In the service, the reqFromClient middleware function verifies that the authentication code is correct.

Listing available RESTHook events

Now that we have defined functions for communication in both directions between receiver and sender services, we can start looking at implementing the RESTHook methods. We'll start with a method to retrieve the list of available events.

On the sender side, this is handled by the following router function:

// List the things which can be subscribed
HookRouter.get('/subscribe', reqFromClient, (req, res) => {
    const client = clientForReq(req);
    const ret = {
        subscribable: []
    for (const evnm of eventNames) {
        const subscription = clientSubscription(client, evnm);
            name: evnm,
            subscribed: typeof subscription !== 'undefined',
            id: subscription ? : undefined

The HookRouter object is registered with Express this way:

app.use('/hooks', HookRouter);

This handler therefore takes care of a GET operation on /hooks/subscribe.

It uses the reqFromClient middleware for authentication, as just discussed. The clientForReq function looks up the client record for the authentication key in the authcode header.

The purpose is to list the available event names. It was thought to be sensible to also include data indicating whether the client service is subscribed to the event. Therefore subscribable is an array of items where name is the event name, subscribed is a boolean saying whether the client is subscribed, and id is the ID string for this subscription (if any).

In the receiver service, this function can be used to help send this request:

async function checkSubscription() {
    return await invokeRESTCall('get', `/hooks/subscribe`, undefined);

Because the example receiver service has a scheduling system to regularly execute tasks, we might want to check the subscriptions every minute or so.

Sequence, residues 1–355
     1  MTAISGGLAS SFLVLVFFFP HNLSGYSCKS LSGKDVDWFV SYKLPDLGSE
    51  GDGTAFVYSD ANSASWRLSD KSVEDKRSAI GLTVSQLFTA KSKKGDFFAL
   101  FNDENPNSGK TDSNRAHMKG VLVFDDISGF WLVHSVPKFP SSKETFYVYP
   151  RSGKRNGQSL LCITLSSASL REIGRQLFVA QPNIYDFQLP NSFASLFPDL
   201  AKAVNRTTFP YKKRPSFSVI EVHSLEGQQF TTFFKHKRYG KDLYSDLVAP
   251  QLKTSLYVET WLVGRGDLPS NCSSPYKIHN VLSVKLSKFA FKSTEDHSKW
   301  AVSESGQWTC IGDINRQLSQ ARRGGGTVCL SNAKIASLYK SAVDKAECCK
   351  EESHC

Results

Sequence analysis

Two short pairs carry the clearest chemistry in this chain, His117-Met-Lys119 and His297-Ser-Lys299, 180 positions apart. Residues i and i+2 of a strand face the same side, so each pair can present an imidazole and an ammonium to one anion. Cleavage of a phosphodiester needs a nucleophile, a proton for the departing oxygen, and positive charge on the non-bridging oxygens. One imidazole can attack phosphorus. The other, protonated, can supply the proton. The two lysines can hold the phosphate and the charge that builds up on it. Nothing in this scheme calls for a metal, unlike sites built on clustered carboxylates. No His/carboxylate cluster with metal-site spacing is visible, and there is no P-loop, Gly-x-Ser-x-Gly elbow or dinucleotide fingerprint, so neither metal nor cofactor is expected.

const reqSubsTask = new AsyncTask(`Request subscriptions`, async () => {
    const subscriptions = await checkSubscription();

const reqSubsJob = new SimpleIntervalJob(


Again, the ISO8601 duration PT1M means this executes once a minute.

Subscribing to a RESTHook event

Let's now talk about subscribing to an event. The difference between WebHooks and RESTHooks is how we subscribe to events. With WebHooks, subscriptions are established out of band through a manual process. With RESTHooks, the application subscribes on its own.

In the example code, the sender service handles subscription events like so:

// Subscribe to an event
// {
//    name: 'EVENT-NAME', hookurl: 'http://host/path/to/endpoint'
// }'/subscribe', reqFromClient, (req, res) => {
    const client = clientForReq(req);
    const subscription = clientSubscription(client,;
    if (subscription) {
            message: `Event ${} already subscribed by ${client.clientID}`
    } else {
        const subID = uuidv4();
        console.log(`Subscribing ${client.clientID} to event ${} with ${subID}`);
            id: subID,
            clientID: client.clientID,
            hookurl: req.body.hookurl
            message: 'OK'

The comment describes the subscription object. It simply contains the event name, and the URL to send event notifications.

Inside the event handler, we check if the client has already subscribed to the event. If so, an error is returned. The error code 404 is probably incorrect since this is not about a non-existent resource.

In the list of HTTP result codes, some likely choices are:

  • 400 Bad Request
  • 403 Forbidden
  • 409 Conflict

In any case, a subscription object is created, and addSubscription is called to store it away.

The receiver side of the example code subscribes to the OPEN and CLOSE events in this way:

export async function register() {
    await subscribeRESTHook('OPEN');
    await subscribeRESTHook('CLOSE');

async function subscribeRESTHook(evname: string) {
    const uClientHook = new URL(CLIENTURL);
    uClientHook.pathname = '/hooks/resthook';

    return await invokeRESTCall('post',
                `/hooks/subscribe`, {
                    name: evname,
                    hookurl: uClientHook.toString()

The uClientHook variable is used to compute the URL vor the receiver service resthook endpoint. The value in CLIENTURL is the base URL for the service, and /hooks/resthook is the endpoint.

Retrieving data about a RESTHook event subscription